Wednesday, October 24, 2007

You can't tag a teen

Now I'm all for a bit of geo-tagging. Stuff that not only has its place in the world, but let's you know precisely what that place is, seems pretty cool.

The geo-tagged photos on Flickr and the geo-tagged twitterings on Twitter - accessible to developers through open APIs - have given rise to the brilliantly pointless Flickrvision and Twittervision, which present a Web 2.0 version of watching the world go by.

Geo-tagging is also new-best-friends with mobile. The latest smartphones, and everything (calls, SMS, other data) that comes out of them, is, or can be, geo-tagged. (Strictly speaking, this isn't a new thing - complicated calculations based on triangulation or something have long enabled the location of mobile users, but the addition of GPS functionality makes it all much simpler and more accurate).

It seems that not a week goes by without some self-styled marketing industry prophet (not me, honest) forecasting mass demand for location-based mobile services. Apparently, uber-consumers - the sort who regularly suffer a price / existential crisis in the chilled dairy aisle at Milton Keynes Tesco Extra - will soon be demanding geo-specific recommendations and price comparisons, so that they can walk half a mile across town to save 4p on a Yakult multipack.

All well and good.

But the purveyors of geo-tagging technology and geo-tagged goods have a tendancy to get a little over-zealous in their apparent pursuit of a 100% geo-tagged panacea. (Imagine a world where hide-and-seek ceases to require traditional seeking skills).

Can't forsee a geo-armageddon? Then read this.

Seriously, what teenager is going to agree to leave the house wearing a $300 geo-tagged coat? I've written previously about how kids' neurobiology can be altered by their early experience of digital media, but it will take one hell of a video game to indoctrinate them into the cult of parental surveillance.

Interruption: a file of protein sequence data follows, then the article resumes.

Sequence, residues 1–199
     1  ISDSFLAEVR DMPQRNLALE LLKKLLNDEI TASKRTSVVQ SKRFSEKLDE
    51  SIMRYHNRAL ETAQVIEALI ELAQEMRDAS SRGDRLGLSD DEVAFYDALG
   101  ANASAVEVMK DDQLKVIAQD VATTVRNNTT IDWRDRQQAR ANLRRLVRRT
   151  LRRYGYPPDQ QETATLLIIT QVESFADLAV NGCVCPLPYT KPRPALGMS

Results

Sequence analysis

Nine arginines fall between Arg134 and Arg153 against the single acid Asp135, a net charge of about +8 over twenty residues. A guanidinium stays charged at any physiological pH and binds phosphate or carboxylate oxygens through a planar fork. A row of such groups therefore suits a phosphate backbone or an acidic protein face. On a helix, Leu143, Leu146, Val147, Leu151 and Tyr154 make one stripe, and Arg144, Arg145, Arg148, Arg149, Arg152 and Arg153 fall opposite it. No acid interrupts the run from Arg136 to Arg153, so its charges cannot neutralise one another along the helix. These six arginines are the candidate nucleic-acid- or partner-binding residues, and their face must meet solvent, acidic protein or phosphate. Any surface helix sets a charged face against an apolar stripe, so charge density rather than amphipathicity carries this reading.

I can only assume that some entrepreneurial type observed the willingness of Diginative teens to accept parent-bought mobile phones and the obligation to call home every 2 hours in exchange for increased liberty and a pocket full of gadget, and concluded that geo-tagged clothing would be likewise welcomed by Western youth. Unfortunately this reasoning fails to consider the possibility that said kids are only happy to accept said offer because it represents de facto permission to do whatever the hell they want, whilst keeping to a strict lying schedule.

Escaping the parental radar is a fundamental part of growing-up. Excessive attempts to monitor and control teen behaviour promote what scientist call reactance, otherwise known as doing-the-opposite-of-what-you're-told-to.

So those parents who purchase geo-tagged coats can expect their kids to refuse to wear the coat; to leave it at a friend's house whilst they roam the streets; to hack the GPS system; to do anything other than give big-mother the opportunity to watch over their every move.

I guess it comes down to this: successful applications of any technology - those which find mass adoption - tend to augment natural human behaviour and pervasive lifestyle choices, not battle against them. This is especially the case with teens, as evidenced by a recent global study of digital youth, commissioned by MTV.

Rant over.

I'll get my (non-geo-tagged) coat.

1 comment:

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